Please name another “completely dominant” sub 6’ RH with 90 MPH average fastball. BB isn't the only thing he cant fix. I suppose Pedro during points in his career but that wasn’t with a 70%+ fastball usage.
Can I ask which scout you are listening to or what prospect list has Peralta as a top 50 prospect?


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Offline  Re: Brandon Woodruff
#15

Posted: November 27, 2018, 1:12 PM Post
Posts: 3571
Location: New Berlin, WI
tmwiese55 said:
True Blue Brew Crew said:
ZBTMP said:
There are certainly a reasonable probability that he becomes a productive major leaguer that make him valuable, but he has warts that will not be fixed with age.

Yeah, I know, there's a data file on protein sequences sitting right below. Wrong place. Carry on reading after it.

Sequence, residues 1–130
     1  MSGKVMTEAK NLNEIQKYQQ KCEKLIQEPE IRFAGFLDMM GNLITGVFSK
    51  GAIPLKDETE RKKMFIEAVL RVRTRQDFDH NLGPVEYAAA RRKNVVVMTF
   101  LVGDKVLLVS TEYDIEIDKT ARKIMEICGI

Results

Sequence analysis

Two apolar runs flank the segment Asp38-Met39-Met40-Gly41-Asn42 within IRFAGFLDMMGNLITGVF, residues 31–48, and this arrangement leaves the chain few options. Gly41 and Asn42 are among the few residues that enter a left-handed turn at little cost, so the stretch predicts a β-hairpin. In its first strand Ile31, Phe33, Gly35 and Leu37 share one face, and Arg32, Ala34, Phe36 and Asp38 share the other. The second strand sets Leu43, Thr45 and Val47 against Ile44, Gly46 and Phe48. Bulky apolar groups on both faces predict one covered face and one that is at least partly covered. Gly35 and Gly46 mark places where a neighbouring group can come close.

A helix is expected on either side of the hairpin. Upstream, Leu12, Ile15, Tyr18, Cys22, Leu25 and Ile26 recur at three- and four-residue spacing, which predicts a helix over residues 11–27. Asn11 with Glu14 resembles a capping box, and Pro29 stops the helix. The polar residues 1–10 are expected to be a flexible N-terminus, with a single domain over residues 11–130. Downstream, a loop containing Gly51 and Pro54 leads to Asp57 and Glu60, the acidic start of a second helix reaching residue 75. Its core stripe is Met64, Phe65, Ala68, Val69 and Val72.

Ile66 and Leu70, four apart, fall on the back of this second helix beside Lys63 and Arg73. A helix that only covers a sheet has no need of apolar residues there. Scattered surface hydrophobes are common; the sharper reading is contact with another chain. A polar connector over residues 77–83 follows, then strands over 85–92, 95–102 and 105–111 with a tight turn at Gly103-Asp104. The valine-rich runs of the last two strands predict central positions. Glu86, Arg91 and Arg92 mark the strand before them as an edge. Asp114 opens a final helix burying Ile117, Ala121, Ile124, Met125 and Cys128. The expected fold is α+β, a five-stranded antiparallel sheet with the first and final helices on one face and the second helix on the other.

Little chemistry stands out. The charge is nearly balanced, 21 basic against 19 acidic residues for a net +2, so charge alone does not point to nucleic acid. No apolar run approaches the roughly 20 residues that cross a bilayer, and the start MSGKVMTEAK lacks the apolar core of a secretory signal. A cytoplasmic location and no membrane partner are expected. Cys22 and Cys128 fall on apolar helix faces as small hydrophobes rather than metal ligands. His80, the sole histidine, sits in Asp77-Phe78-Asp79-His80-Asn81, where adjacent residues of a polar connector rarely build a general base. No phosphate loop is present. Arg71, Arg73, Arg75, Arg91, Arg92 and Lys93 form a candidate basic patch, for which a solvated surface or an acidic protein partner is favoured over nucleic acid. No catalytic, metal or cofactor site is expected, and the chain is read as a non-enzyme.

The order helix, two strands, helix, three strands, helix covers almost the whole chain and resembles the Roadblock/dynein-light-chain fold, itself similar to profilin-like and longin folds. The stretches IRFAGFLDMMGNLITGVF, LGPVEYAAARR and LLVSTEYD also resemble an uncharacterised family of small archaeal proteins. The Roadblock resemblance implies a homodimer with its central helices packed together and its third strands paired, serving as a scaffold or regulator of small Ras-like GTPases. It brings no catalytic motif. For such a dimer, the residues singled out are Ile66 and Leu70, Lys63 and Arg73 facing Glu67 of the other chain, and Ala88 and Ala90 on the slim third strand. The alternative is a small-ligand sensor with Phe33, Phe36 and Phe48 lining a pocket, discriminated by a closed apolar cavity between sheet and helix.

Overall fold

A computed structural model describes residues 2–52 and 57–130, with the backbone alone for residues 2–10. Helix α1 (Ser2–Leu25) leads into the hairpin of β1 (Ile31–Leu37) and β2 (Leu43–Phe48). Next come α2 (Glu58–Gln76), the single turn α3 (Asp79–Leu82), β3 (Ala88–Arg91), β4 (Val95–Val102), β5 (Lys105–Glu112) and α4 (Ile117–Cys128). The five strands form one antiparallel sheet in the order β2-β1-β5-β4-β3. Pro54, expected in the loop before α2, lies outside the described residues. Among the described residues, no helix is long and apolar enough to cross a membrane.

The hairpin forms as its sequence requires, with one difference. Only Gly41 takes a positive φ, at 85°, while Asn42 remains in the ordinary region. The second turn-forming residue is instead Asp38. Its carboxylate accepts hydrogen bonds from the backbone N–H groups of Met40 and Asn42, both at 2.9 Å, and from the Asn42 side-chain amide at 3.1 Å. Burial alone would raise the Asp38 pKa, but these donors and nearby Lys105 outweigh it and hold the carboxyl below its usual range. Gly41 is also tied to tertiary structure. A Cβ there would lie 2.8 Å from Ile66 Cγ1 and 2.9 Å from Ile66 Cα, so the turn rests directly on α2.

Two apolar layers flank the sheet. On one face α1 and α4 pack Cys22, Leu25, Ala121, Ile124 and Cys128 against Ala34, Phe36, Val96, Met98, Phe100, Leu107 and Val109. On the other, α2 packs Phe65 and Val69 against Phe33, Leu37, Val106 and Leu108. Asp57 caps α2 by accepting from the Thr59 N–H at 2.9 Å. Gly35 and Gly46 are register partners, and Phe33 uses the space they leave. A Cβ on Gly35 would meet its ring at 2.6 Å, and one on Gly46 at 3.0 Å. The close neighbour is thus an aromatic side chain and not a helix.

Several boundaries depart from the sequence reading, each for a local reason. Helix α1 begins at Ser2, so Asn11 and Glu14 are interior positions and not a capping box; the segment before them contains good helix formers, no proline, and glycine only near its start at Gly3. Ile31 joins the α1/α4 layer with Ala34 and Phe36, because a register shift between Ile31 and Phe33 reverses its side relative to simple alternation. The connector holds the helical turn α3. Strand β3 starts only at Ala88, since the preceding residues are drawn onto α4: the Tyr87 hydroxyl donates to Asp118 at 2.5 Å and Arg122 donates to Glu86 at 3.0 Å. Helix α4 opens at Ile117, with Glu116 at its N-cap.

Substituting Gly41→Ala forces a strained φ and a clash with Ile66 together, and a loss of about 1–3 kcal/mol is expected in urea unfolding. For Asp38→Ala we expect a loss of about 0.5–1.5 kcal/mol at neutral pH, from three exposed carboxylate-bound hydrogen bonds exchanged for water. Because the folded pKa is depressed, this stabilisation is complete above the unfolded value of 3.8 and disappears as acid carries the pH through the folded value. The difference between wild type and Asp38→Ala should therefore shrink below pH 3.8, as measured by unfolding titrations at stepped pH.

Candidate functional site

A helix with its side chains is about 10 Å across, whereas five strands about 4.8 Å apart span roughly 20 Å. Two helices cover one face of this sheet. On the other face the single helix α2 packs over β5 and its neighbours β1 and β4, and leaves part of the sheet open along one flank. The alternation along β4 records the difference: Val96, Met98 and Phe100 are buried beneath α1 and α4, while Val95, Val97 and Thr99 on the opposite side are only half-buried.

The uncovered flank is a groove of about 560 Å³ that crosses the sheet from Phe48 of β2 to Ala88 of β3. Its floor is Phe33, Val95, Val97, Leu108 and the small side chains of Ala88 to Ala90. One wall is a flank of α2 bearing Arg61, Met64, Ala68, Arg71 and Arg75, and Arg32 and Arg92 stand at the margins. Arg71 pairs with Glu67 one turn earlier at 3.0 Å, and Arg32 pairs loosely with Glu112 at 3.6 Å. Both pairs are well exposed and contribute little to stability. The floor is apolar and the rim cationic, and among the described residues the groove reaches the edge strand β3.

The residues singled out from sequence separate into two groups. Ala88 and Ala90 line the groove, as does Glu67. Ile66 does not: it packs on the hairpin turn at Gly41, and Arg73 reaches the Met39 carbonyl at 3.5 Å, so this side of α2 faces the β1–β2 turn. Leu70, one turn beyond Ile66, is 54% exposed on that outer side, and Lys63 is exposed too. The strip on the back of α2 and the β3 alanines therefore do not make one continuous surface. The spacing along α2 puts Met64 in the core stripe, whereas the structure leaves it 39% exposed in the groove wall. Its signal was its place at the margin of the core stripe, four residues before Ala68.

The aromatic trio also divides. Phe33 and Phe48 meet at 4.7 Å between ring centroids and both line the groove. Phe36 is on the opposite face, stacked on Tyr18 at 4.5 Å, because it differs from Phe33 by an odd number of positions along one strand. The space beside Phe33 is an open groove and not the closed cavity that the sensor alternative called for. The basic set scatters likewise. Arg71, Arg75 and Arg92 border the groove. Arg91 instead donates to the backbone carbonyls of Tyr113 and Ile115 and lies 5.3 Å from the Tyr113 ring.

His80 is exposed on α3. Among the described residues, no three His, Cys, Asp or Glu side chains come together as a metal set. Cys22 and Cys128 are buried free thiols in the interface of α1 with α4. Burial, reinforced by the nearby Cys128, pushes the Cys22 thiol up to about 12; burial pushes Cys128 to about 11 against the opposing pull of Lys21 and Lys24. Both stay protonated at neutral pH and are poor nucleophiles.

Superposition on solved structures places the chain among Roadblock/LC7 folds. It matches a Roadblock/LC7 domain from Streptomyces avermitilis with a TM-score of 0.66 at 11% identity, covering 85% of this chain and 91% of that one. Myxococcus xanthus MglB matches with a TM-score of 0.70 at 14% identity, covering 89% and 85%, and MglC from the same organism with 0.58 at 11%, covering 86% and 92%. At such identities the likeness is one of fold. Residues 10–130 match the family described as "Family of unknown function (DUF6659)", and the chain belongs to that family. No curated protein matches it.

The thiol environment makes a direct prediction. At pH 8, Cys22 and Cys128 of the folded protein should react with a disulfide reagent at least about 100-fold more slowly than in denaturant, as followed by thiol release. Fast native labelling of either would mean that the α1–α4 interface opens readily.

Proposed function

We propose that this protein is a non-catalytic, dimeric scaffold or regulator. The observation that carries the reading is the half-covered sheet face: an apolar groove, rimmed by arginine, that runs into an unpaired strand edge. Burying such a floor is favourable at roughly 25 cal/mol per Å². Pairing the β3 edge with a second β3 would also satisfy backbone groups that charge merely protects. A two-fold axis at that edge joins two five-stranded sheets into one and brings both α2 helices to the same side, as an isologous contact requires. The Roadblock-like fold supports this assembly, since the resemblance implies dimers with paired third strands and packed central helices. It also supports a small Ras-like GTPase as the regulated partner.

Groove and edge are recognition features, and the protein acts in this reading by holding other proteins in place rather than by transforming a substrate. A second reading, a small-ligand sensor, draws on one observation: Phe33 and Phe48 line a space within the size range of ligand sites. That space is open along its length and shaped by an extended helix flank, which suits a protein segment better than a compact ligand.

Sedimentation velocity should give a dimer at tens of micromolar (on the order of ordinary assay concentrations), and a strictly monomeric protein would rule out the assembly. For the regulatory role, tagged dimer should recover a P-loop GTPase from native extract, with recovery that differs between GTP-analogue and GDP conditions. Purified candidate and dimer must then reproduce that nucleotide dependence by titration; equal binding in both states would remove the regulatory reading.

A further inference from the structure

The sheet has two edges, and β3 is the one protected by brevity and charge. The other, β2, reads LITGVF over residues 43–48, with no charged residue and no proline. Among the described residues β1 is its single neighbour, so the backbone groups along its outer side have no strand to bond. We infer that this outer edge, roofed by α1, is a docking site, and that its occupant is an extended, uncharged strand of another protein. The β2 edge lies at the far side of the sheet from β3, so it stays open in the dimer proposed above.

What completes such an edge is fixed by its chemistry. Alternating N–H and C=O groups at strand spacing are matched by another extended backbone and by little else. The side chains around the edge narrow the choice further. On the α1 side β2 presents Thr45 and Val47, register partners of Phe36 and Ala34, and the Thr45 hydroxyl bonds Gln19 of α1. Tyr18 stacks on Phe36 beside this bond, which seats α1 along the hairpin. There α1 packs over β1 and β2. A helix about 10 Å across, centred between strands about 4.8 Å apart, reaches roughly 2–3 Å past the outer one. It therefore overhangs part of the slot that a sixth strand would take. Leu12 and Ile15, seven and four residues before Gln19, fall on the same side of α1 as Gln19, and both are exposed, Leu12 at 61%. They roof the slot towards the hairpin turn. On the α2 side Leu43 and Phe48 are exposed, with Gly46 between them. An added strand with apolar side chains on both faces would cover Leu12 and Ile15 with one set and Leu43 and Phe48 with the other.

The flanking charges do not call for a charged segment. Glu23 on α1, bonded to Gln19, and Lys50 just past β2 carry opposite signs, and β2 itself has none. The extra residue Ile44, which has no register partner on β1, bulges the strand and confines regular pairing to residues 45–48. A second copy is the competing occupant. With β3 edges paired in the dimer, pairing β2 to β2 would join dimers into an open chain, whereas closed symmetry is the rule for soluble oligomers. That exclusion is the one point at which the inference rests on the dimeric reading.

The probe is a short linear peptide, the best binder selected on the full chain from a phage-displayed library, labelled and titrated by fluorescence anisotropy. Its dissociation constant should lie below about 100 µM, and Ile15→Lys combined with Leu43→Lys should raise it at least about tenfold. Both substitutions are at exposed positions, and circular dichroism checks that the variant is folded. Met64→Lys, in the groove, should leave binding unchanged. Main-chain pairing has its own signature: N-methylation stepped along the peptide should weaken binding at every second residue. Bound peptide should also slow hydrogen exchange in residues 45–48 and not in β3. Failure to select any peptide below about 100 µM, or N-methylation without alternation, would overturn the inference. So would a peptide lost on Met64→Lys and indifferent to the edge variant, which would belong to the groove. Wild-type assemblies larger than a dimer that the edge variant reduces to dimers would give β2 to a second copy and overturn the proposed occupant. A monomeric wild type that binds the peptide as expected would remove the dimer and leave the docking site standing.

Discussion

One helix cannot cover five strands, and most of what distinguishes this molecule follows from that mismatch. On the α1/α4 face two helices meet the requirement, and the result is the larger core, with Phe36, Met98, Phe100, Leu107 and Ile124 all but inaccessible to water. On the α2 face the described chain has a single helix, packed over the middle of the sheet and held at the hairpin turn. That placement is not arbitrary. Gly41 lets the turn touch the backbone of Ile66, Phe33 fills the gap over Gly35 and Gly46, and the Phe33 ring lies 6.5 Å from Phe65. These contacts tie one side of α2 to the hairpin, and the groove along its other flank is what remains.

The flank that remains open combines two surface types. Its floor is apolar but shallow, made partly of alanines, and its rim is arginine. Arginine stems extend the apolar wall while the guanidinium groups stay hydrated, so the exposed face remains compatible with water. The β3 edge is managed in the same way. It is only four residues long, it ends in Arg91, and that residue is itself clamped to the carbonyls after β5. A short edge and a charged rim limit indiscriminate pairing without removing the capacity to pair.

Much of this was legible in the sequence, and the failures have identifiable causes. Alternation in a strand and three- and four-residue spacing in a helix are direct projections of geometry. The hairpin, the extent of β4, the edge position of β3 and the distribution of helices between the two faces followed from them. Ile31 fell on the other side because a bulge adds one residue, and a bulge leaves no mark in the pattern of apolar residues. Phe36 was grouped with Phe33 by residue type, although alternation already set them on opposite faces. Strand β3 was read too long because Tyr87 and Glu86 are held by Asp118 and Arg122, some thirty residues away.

Lol, control is the only thing holding him back from being completely dominant. You're definitively saying a 22 year old with MLB success under his belt can't fix that as he progresses? I'll continue listening to the scout.


you don't think being undersized and only having a low 90s FB would qualify as warts or potential issues?


I'll add that Peralta doesn't really throw his changeup at the mlb level. That pitch probably comes around in time, but who knows how much time and how good the offering will be. I understand his fastball has a lot of variability and is probably 2 pitches...but the list of quality mlb starters that throw different variations of fastball and a curve is extremely short. Kluber is the only one I can think of, maybe Arrieta in his first 2 seasons in Chicago as well.